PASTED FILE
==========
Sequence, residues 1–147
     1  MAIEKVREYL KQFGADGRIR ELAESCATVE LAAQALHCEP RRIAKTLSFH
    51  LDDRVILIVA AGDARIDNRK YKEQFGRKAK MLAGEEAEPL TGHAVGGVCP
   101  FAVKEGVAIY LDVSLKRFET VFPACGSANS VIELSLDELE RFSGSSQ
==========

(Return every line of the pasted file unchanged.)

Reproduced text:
Sequence, residues 1–147
     1  MAIEKVREYL KQFGADGRIR ELAESCATVE LAAQALHCEP RRIAKTLSFH
    51  LDDRVILIVA AGDARIDNRK YKEQFGRKAK MLAGEEAEPL TGHAVGGVCP
   101  FAVKEGVAIY LDVSLKRFET VFPACGSANS VIELSLDELE RFSGSSQ